I wanted to share an interesting article with you that Nicole unearthed written this week. It’s from Inside Higher Ed and is titled A Gamified Approach to Teaching and Learning. It states that Mark Carnes “offers evidence that an immersive gamified pedagogy can significantly increase student engagement and motivation.” In this article the author, Steven Mintz claims that higher education is “in the midst of seismic shifts in curricular design, pedagogy, delivery modes, and instructional activities and assessments.” Are you? Carnes continues to state the reasons faculty are modifying their teaching strategies including:
- High numbers of socially isolated and depressed students
- Student engagement too low
- Time to degree completion too slow
- Graduation rates too little
We are running the 10 Day Faculty Challenge Game to begin a conversation about changing, modifying, and infusing curriculum with strategies that might help to combat some of these issues and concerns. And if you aren’t “playing” with us, you are missing out! It’s not too late to join us.
It’s only Thursday, but already our enthusiastic group of “gaming” faculty have come up with some amazing resources and ideas. Seriously. It’s not too late to join in the conversation. Just reading and commenting will get you moving up on the leaderboard.
Are points a turn-off? Is the word “challenge” or “game” a turn-off for you? Leslie uncovered a really interesting article which she shared yesterday (click image to right to read) which she posted alongside her submission challenging herself and us to rethink how we use words. If we can reframe our assignments or our learning concepts using terms that are less scary or daunting to students, perhaps they would respond better. She suggests that “research” and “submission” can sound overwhelming, where “find the answer to a puzzle” or providing clues to a scavenger hunt might provide students the same outcome. You might have an interesting response to her post– join us and join the conversation.
Charla posted several amazing infographics and Robin shared an article from Scientific American titled “Fact or Fiction?: Video Games Are the Future of Education” by Elena Malykhina. In her post, Robin notes that the research is still out on the impact of using gaming for education but there appears to be a positive connection with low-performing students and students struggling or unmotivated. Here’s one of the infographics shared by Charla, titled “The Case for Games in the College Classroom” that she shared. Click to view details.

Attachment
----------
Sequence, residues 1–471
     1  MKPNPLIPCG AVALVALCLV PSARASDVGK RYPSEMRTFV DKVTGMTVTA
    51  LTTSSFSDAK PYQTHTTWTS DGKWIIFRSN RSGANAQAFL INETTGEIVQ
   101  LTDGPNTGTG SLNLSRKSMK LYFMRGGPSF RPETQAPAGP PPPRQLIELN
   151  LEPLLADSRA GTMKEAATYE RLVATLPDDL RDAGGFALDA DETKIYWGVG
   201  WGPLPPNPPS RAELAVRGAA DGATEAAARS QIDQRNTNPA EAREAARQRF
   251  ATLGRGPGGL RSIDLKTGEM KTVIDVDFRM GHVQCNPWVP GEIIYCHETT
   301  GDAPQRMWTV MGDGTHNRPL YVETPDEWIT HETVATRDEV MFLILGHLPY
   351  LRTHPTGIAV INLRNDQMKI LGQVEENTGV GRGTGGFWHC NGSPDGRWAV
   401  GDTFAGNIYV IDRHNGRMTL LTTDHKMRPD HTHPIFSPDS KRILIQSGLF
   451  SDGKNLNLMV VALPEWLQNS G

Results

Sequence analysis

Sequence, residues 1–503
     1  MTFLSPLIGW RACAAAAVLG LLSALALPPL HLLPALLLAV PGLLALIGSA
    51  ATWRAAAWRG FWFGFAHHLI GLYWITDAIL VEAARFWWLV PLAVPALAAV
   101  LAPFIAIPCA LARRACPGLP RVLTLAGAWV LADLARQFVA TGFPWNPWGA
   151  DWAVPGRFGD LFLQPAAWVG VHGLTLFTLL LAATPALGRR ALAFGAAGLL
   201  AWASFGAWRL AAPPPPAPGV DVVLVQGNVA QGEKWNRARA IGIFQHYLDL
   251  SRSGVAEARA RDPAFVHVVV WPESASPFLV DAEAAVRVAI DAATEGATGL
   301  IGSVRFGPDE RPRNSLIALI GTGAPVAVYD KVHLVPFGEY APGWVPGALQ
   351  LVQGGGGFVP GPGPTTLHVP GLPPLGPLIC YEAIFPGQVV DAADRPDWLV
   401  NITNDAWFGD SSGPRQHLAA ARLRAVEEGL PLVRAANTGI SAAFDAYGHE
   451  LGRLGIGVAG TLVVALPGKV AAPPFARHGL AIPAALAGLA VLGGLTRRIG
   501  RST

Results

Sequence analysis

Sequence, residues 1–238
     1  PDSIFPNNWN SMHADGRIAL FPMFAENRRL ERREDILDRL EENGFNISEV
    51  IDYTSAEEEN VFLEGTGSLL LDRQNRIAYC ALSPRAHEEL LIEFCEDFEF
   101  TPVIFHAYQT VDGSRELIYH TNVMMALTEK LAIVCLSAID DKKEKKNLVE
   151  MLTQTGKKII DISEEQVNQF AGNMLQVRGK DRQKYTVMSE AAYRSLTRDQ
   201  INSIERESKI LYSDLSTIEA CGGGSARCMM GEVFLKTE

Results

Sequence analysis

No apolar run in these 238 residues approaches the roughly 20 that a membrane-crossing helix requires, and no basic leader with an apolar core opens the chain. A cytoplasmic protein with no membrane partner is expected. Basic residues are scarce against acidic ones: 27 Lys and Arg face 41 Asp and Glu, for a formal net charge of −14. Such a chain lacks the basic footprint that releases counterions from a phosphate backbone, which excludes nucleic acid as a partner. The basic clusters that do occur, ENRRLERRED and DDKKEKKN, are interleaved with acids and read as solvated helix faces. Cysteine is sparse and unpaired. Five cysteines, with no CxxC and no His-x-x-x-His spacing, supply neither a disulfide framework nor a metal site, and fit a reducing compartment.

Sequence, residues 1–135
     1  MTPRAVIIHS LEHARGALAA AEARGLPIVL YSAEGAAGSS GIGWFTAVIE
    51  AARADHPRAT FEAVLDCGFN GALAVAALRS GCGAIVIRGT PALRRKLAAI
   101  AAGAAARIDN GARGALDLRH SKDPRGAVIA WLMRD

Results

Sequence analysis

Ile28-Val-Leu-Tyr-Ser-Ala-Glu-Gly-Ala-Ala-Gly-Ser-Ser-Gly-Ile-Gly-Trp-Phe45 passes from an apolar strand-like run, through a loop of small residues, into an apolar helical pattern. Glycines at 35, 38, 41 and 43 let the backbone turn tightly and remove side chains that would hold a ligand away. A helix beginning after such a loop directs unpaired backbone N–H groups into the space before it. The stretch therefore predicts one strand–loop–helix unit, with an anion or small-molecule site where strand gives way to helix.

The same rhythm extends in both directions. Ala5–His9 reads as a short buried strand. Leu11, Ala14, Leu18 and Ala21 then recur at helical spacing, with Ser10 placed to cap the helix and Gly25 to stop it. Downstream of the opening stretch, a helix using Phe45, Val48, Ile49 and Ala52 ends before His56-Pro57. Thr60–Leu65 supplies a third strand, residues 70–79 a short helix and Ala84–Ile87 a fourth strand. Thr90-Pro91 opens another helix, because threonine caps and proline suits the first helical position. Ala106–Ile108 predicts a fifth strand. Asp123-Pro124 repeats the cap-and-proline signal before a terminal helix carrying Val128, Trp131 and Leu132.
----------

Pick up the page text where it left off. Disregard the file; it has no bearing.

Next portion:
Margie shared a chapter by Jo-ann Archibald in “Indigenous Storywork” where she relates how a story can be used in a classroom more than once because each time the story is heard, the audience has changed and can apply different perspectives and brings different understanding to the story. Margie shares how she is using “Case Mysteries of Pathophysiology” in her pharmacology course, building on the same case study as her students gain more and more information. Sounds like a winning approach Margie!
Val shared Edudemic’s 23 Best Game-Based Education Resources for 2014 which is pretty fascinating, Lee shared a Mooc Gamification: The Course which starts in January. There was even more shared by our exceptional faculty, by you but I can’t list everything. Mostly, I wanted to highlight for those who aren’t following the game, that this isn’t about the points (well, for some people it is!) but this is about what we can learn from each other and how we can apply it to our classes to make a difference for our students. Yesterday’s posts already tell me that people are rethinking how they might apply some different strategies, yes, we’re calling them gamification strategies, whatever you label it, it’s reshaping and rethinking higher education. I’m proud to be working/playing with this exceptional team of faculty. Won’t you join us?